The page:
Tue, May 27, 2014 - Page 8 News List

EDITORIAL: Tsai gets a second chance

Former Democratic Progressive Party (DPP) chairperson Tsai ing-wen (蔡英文) was again elected as chairperson on Sunday in a prelude to a two-year period that could determine the future for Tsai, the DPP and the country.

As Tsai prepares to take the helm tomorrow following her two previous terms between 2008 and 2012, supporters and observers will watch closely what she does, hoping that this time the 57-year-old can not only revive the DPP, but also win the presidency in 2016.

During her previous tenure, the academic-turned-politician was able to lead the DPP, which had hit its lowest point in 2008 amid corruption scandals involving former president Chen Shui-bian (陳水扁), back to glory after securing a string of by-election victories and generating momentum so strong that most people expected her to beat President Ma Ying-jeou (馬英九) in the general election.

When that did not happen the DPP appeared to return to constant inner struggles between factions, further exacerbating its disconnection from the public. By the time it began paying attention, the party had been marginalized along with the unpopular Chinese Nationalist Party (KMT).

That is where Tsai comes in, because if she is unable to turn the DPP around, the party’s hopes of returning to power are finished.

Tsai immediately pledged two areas of attention for the DPP — a more open-minded approach to its work with civic groups and a party led by a younger generation of politicians. The challenge is huge, as young politicians’ ability to manage the party without interference from the factions will be problematic, while civil society has always questioned the DPP’s desire to work with it if the party returns to power.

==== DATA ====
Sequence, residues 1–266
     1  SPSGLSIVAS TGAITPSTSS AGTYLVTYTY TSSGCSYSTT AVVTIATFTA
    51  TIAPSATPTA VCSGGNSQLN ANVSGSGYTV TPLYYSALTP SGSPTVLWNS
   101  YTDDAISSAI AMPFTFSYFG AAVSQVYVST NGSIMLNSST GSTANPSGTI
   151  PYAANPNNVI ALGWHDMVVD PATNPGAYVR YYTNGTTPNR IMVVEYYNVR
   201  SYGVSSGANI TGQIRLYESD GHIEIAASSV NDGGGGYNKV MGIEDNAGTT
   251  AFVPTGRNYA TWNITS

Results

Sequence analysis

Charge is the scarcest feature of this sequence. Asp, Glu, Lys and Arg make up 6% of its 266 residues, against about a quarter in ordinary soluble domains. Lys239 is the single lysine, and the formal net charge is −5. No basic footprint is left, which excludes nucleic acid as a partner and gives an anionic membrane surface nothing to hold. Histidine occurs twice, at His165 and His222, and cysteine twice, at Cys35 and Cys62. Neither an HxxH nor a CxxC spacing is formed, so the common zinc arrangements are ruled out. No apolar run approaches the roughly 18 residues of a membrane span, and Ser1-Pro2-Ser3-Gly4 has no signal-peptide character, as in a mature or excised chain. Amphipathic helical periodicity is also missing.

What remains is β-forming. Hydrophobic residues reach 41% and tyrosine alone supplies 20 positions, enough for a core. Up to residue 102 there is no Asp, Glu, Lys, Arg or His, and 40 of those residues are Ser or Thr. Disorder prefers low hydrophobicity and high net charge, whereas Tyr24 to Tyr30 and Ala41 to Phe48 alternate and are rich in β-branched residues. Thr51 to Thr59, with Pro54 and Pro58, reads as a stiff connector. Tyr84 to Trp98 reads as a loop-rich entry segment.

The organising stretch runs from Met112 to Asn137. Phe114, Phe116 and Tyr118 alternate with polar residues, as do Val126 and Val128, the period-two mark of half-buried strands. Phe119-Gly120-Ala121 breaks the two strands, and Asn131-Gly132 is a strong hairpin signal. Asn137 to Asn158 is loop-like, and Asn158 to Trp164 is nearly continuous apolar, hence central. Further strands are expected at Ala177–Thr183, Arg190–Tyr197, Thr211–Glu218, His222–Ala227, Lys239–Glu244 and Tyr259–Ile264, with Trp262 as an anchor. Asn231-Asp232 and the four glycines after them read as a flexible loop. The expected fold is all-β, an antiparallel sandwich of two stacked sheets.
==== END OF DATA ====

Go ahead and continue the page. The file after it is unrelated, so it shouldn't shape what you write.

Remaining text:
In the short term, Tsai was right that there would be no honeymoon period after taking over the leadership as the seven-in-one elections are only six months away. The DPP is also going to face strong pressure in the legislature from the KMT, which is planning to push through legislation on the cross-strait service trade pact, the free economic pilot zones and the mechanism monitoring all agreements between Taiwan and China.

On the issue of the economic zones, Greater Tainan Mayor William Lai (賴清德) and Greater Kaohsiung Mayor Chen Chu (陳菊) appear to give their conditional support to the project in light of potential economic gains for the south, while the DPP’s official position remains vague, although it has voiced serious concerns.

Tsai will also be engaging in other ambitious initiatives, such as constitutional reform. It will perhaps take more than two years to build consensus because Ma opposes reform, while public opinion favors a parliamentary system and the DPP remains divided between a presidential or parliamentary system.

However, no issue will be more important to both Tsai and the DPP than the party’s China policy. Especially to Tsai, whose “Taiwan consensus” initiative doomed her presidential campaign after she was viewed by Washington and Beijing as “empty” and lacking substance, the new round of China policy formulation will be a deciding factor of her future.

The chairperson-elect will have to find a way to address the DPP’s pro-independent position, which has been at the heart of the argument between the party’s liberal and conservative wings. While some proposed to freeze the DPP’s independence charter as an “olive branch” to Beijing, others have said that this is unnecessary.

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